The Quest for Unity and other selected works

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For the Month of Ramadan 1433 / 2012, IHRC Press is making the work ‘Ramadan: A Month of HIgh Intensity Training’ and Imam Cassiem’s Eid Message on the universality of Islam, from this book, available for free download.  Please read, use and share widely.  Please download from here or at the end of the page.


Buy the report here.  IHRC Press is delighted to announce the publication of the first of its titles, The Quest for Unity and other selected works by South African activist and cleric, Imam Achmad Cassiem.

Cassiem is a veteran anti-apartheid activist who was imprisoned on Robben Island with Nelson Mandela for two terms, the first of which when he was only seventeen years old.  An active member of the Pan African Congress, Cassiem headed Qibla, the Islamic movement that fought apartheid with the many comrades of different movements.  In this republishing of some his key works, published towards the end of the apartheid era, both his concerns for the dismantling of apartheid and the unity of humankind as exemplified through Muslim unity are expressed, using Islamic teachings and Qur’anic revelation.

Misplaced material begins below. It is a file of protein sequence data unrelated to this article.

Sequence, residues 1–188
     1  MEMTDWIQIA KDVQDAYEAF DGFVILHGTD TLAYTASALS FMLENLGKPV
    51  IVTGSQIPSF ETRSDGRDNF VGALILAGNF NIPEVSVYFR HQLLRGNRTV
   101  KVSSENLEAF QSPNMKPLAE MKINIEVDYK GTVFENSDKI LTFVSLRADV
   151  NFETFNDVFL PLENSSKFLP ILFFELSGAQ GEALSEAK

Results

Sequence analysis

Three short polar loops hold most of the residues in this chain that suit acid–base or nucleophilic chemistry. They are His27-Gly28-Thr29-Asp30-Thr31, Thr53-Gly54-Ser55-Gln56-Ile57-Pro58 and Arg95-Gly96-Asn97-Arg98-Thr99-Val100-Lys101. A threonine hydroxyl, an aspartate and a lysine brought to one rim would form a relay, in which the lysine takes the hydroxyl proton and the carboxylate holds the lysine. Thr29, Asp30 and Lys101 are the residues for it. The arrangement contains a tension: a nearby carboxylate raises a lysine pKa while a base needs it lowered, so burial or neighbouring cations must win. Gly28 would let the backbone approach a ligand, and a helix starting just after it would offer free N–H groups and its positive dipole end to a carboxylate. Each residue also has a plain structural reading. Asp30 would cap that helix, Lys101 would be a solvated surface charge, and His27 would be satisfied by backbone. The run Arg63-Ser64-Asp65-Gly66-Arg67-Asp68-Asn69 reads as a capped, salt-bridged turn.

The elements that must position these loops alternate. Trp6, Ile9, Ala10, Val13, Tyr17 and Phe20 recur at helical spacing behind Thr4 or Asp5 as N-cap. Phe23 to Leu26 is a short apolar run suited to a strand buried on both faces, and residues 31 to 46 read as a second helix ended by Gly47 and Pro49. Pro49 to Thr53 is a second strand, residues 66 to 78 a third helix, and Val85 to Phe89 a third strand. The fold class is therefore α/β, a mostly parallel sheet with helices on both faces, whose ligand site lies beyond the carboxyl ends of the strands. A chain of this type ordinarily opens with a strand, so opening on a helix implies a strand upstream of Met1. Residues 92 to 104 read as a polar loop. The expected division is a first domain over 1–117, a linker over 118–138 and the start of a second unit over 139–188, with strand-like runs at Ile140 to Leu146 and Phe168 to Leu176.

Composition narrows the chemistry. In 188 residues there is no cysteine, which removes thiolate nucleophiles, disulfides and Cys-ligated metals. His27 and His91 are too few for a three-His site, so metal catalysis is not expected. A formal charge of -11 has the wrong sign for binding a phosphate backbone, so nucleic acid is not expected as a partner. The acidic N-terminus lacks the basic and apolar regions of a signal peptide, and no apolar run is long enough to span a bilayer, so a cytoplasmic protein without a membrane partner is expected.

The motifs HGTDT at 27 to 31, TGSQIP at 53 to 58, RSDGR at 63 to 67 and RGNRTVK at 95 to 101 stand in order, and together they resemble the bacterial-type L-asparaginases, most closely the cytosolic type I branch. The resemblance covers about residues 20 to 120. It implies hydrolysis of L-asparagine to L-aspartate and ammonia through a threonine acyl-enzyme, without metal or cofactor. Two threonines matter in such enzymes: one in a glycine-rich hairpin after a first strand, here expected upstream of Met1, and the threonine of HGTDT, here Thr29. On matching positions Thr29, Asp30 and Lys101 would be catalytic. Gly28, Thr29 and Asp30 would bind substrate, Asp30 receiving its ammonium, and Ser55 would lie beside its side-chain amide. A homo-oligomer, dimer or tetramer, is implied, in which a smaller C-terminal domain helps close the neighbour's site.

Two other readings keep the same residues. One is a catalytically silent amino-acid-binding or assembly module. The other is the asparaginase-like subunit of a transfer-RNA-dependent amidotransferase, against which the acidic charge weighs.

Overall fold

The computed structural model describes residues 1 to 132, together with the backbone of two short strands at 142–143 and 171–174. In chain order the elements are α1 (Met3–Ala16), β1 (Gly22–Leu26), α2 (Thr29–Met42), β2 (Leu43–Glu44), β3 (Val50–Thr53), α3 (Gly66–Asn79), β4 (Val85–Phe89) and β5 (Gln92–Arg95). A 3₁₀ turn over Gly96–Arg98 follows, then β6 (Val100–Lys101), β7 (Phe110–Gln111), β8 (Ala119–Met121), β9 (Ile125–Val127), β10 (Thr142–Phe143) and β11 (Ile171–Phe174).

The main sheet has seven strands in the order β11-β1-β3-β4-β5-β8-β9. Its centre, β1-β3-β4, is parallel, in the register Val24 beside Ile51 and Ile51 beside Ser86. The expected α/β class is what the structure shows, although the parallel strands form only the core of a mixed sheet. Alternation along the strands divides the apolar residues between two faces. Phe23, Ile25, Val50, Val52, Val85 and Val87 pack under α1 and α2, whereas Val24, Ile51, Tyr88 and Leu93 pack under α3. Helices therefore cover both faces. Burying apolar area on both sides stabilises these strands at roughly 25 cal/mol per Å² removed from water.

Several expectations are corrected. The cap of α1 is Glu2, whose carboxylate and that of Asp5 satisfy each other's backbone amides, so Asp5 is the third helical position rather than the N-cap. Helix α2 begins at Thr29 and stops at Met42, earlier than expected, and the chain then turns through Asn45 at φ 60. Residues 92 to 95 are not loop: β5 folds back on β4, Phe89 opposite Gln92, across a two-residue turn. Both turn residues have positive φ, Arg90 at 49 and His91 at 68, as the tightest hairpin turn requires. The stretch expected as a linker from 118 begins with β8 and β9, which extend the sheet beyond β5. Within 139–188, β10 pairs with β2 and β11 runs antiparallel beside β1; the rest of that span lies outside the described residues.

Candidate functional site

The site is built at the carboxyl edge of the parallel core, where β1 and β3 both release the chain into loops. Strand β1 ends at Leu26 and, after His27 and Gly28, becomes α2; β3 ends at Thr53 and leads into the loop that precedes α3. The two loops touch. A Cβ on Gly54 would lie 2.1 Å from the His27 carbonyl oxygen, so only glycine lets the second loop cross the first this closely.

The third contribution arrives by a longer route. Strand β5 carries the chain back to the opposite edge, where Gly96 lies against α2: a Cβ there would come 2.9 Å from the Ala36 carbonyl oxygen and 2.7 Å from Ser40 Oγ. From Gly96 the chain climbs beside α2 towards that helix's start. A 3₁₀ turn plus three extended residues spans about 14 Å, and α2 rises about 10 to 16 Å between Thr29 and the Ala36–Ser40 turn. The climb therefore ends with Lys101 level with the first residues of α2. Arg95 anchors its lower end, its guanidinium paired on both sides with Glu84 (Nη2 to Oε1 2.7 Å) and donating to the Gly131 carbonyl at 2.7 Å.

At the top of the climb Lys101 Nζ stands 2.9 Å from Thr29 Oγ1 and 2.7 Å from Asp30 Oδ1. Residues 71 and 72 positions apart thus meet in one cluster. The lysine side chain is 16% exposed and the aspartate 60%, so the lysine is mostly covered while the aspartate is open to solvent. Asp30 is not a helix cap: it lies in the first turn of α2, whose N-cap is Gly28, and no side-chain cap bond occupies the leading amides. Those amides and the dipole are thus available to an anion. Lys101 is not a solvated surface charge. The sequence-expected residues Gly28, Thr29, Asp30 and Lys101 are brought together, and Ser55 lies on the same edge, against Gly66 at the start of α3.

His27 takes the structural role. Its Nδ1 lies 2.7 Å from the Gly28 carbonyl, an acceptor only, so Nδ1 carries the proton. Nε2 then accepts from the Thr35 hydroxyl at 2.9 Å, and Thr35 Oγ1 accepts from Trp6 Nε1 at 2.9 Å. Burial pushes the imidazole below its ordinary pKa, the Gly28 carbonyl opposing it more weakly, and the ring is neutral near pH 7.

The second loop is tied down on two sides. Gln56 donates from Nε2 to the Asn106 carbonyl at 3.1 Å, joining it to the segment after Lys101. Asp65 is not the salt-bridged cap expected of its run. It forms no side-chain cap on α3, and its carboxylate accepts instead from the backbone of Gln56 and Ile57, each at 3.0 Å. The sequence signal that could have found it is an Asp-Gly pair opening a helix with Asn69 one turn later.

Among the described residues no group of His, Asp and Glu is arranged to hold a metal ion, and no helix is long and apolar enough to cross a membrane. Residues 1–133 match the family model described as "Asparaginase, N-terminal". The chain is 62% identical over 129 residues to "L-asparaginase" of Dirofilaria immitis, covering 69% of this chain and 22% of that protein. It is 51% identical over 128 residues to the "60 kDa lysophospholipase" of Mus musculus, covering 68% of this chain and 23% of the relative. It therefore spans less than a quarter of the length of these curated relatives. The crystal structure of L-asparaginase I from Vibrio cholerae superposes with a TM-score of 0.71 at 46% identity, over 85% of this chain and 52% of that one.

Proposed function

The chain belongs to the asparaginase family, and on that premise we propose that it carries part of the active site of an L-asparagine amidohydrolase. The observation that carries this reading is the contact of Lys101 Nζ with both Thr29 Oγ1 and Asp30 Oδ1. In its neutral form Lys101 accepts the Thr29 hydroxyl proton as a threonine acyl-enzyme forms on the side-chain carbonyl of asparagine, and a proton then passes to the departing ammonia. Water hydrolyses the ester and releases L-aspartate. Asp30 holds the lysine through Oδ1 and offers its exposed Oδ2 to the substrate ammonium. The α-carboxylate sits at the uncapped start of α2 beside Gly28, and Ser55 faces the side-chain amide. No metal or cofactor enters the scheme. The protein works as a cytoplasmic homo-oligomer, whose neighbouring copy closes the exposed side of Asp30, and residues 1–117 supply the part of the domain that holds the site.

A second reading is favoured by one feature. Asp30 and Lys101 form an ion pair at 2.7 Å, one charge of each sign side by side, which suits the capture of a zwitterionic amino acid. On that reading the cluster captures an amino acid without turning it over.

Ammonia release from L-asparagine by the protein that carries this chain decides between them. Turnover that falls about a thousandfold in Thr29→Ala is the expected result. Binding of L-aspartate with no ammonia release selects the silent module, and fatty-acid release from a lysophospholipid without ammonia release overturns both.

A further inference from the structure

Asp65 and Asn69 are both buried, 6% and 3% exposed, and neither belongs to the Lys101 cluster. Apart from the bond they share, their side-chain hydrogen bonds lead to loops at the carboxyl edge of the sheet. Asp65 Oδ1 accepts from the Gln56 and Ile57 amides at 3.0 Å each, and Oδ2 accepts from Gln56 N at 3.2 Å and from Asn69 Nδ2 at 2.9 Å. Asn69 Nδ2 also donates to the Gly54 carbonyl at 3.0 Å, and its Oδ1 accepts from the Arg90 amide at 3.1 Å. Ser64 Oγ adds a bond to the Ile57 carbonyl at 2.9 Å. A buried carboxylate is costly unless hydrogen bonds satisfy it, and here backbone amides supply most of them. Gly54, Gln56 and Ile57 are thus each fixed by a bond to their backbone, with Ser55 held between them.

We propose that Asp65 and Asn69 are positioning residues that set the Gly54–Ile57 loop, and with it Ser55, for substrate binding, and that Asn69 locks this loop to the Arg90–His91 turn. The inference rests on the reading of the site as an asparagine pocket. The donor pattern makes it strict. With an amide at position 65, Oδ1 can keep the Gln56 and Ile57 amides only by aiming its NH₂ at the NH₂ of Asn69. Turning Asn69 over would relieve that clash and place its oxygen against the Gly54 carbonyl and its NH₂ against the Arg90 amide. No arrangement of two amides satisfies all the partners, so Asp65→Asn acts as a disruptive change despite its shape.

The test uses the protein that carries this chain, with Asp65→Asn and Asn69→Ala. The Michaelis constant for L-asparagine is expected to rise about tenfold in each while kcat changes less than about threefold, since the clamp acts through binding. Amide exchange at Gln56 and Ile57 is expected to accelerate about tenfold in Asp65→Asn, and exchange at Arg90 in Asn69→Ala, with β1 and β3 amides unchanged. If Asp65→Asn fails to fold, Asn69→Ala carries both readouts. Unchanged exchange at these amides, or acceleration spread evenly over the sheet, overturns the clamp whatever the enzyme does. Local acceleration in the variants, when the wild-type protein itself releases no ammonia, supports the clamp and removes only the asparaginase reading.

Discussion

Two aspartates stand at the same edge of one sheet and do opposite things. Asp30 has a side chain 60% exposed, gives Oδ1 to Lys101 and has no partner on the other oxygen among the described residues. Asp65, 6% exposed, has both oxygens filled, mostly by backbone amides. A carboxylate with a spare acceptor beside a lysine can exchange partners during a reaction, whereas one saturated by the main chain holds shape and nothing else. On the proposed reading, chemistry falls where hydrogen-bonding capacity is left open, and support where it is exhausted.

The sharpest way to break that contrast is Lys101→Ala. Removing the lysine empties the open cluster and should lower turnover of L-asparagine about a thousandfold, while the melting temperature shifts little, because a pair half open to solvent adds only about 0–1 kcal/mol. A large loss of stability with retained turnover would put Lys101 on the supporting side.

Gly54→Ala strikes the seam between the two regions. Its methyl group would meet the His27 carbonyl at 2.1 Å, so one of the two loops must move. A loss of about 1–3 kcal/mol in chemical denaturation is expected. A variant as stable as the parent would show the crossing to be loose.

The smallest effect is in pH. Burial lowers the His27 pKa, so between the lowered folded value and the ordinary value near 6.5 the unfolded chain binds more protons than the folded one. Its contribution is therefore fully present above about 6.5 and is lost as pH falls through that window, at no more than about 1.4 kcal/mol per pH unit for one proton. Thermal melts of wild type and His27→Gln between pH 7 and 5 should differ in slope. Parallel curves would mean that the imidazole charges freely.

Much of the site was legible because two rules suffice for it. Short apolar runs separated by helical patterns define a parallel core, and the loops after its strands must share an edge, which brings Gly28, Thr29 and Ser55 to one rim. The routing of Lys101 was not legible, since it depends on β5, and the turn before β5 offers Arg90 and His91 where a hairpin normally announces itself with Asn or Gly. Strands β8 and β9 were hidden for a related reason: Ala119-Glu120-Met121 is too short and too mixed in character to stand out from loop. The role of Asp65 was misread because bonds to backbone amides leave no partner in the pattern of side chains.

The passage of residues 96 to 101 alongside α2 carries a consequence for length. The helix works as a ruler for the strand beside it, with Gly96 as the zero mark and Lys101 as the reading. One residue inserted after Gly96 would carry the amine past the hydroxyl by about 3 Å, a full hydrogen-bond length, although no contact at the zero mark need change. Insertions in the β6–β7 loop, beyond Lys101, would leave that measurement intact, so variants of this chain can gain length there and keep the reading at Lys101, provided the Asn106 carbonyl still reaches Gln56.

In the main work, ‘Quest for Unity’ he lambasts the continuing divides amongst Muslims that see them, in his opinion, ally themselves with oppression, through disregard for Qur’anic injunctions to unite.  Through the command for unity, Cassiem discusses the concept of justice and a just social order.  In ‘Ramadhan: The Month of High Intensity Training’ Cassiem provides not only access to certain regular supplications and their meaning, but also explains how changing oneself is the first and crucial step on the road to changing the world.

In ‘The Intellectual Roots of the Oppressed: Islam’s Triumph Over Apartheid’ Cassiem argues that the end of the apartheid era is near and cites Islam as the ‘lost property’ of the Azanians and all oppressed peoples, drawing on his explanation of Islamic justice.

In ‘Islam’s Triumph Over Apartheid’ Cassiem expands on the idea of Ummah.  His explanation of the concept centre the Islamic community at the centre of the ongoing struggles against oppression in its many forms including racism, nationalism and dehumanisation.

This book is interesting for many different audiences: from the transnational activist, to the historian of the anti-apartheid struggle and other liberation struggles.

With struggles for liberation still ongoing around the world, Cassiem provides some context for Islamic activism within all of them.

For further information and review copies please contact Arzu Merali at arzu@ihrc.org on +44 20 8904 4222 or +44 7958 607475.  TO buy the report go to the IHRC on-line shop here.